App Engine ‘Big Data’ Tutorial

I originally wrote this in 2013 for a CS4HS workshop, and this is just a record for future generations.

Learn how to work with 1000’s of rows inside App Engine and datastore.

Step 1: Introduction

Step 1 complete

Application skeleton

Create a folder somewhere, calling it bigdata or bigdata-project — or anything you like. We’ll create the files below.

app.yaml

Every App Engine app requires a configuration file named app.yaml. For most Python applications, it typically follows the same format.

application: your-app-id
version: 1
runtime: python27
api_version: 1
threadsafe: yes
handlers:
- url: /.*
script: bigdata.app

The above configuration says that every request (/.* matches everything) should be routed to app inside bigdata.py.

For now, your local application ID doesn’t matter — but if you want to put your app online later, you’ll need to register your own on appspot.com.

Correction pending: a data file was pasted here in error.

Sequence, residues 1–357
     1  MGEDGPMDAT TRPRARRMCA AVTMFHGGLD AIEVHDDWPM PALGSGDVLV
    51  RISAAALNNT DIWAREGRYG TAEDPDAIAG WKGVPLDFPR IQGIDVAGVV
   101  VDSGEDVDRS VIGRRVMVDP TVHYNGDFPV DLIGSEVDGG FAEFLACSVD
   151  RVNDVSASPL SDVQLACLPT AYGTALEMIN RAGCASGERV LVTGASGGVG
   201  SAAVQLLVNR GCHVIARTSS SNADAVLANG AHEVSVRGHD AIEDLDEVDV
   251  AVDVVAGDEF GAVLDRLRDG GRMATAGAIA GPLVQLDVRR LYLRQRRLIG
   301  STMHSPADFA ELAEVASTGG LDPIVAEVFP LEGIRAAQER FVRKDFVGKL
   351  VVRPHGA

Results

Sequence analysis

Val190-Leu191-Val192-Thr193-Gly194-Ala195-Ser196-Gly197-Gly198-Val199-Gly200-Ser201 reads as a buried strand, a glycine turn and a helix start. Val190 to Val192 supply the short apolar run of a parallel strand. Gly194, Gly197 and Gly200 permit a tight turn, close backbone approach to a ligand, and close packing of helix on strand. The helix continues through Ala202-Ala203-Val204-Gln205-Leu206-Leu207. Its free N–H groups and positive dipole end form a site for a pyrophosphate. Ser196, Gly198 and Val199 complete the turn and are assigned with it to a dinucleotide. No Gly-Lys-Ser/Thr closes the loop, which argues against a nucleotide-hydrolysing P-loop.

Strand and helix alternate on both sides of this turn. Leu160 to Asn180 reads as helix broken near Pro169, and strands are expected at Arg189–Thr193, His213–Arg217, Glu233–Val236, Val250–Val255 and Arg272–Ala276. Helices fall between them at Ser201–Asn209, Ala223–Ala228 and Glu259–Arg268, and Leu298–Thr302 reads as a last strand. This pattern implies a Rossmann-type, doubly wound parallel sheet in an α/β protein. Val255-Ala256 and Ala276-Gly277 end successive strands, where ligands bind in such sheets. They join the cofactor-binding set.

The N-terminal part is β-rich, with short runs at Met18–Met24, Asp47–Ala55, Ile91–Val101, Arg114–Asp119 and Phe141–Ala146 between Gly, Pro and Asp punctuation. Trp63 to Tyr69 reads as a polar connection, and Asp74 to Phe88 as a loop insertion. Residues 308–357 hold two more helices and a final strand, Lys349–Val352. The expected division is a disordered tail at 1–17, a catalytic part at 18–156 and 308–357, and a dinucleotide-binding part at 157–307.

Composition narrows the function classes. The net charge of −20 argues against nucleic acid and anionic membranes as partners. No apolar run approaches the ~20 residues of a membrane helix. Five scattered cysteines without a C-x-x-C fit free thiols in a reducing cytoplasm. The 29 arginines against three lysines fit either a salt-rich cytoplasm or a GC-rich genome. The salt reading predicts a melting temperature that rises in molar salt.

bigdata.py

This is the absolute bare minimum for an App Engine app written in Python. For requests to /, return by writing “Hello, World!”.

Each RequestHandler represents a single endpoint — a URL that end-users can hit to load some resource or perform some action (e.g., load some HTML, perform an API request, etc). Create the bigdata.py file-

import webapp2
class MainPage(webapp2.RequestHandler):
def get(self):
self.response.write('Hello, World!')
app = webapp2.WSGIApplication([
('/', MainPage),
], debug=True)

Trying it out

Load the App Engine launcher and press the button labeled with “+”. Select the folder containing the above two files, and press Create. Once that’s done, hit Run and then Browse. If this is your first application, it will probably be served on a webserver, running on your own machine, at http://localhost:8080.

Using GoogleAppEngineLauncher to run your app